Tuesday, April 5, 2011

Market Report: Soaking Tubs

I got a great email from a reader yesterday urging me to do a tub post, because she's considering remodeling her bathroom -- thank you for your email, it's a great idea. Her question to me was specifically about soaking tubs and the advantages or disadvantages of various styles, as well as materials that retained heat. Jets aren't her thing because of how much of a pain they are to clean, and frankly, I've never liked the idea of jetted tubs. It's just never the look I go for if I'm starting with a clean slate -- save it for the backyard and wine coolers ;)

I pulled a few images that are always my go-to's when concepting. To me, they are all timeless and upscale from top to bottom, and all of them have awesome tubs.

Brooke Gianetti

Decor Pad

Brooke Gianetti
Also, what a great treatment with the panel moulding-esque treatment to the tub. A really inexpensive trick with pencil that makes the shower/tub area feel very custom and elegant.

M. Elle Designs
Like you're surprised to see this one. I think it is on every designer's brain permanently. The tub from Lefroy Brooks is insane. I would die to even be in the same room with that tub. And what do you know, Kohler is making a verrry similar one.

This is how I like to do drop-in tubs. I prefer to incorporate them with a wainscotting-type surround and top it with stone. The same goes for "unincorporated" free standings: make it a statement of it's own if for some reason a traditional soaker doesn't work for you. For ideas, Michael Smith's Kallista tubs are all shown on the website like this.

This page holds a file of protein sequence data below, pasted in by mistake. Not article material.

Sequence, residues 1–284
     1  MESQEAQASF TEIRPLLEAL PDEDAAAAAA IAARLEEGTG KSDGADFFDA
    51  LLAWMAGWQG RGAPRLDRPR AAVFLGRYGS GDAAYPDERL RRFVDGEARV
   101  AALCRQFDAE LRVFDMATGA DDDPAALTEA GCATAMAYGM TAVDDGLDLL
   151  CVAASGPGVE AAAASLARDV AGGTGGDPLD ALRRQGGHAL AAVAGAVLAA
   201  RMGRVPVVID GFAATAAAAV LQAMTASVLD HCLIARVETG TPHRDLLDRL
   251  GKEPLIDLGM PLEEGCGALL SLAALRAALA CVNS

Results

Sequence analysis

Turner Davis Interiors

I think this is a great example of an amazing tub in a small bathroom. This tub is probably up against a corner, but it still feels luxurious because we get the wonderful shape and it was probably a creative solution for a small bath. Kohler, I believe, has corner tubs in this style.

Nate Berkus
Another silver tub, I know, but it's a great shape so indulge me. The bottom is more contemporary and the sides have a more severe angle to them. To me, it's a more masculine tub, almost industrial, and it would still be beautiful done in a monochromatic scheme.

On to options. I have to come clean, I love Faucetdirect.com. I think it's an awesome resource and their pricing is consistently great. I buy fixtures, fittings, the whole lot right from them because I've had great luck and their inventory on high-end items is extensive. Most of the tubs from below are from them and even on sale.

Porcher - $1000.05 (on sale)
Cast iron drop-in, I'm not as crazy about the shape, but overall it's a good looking tub that still incorporates cast iron at around the 1k mark. Because, of course, cast-iron is out there, but the challenge was to find them at the lower price range. In a traditional bathroom with high-end finishes, I think this shape would work well.
Porcher - $882.05 (on sale)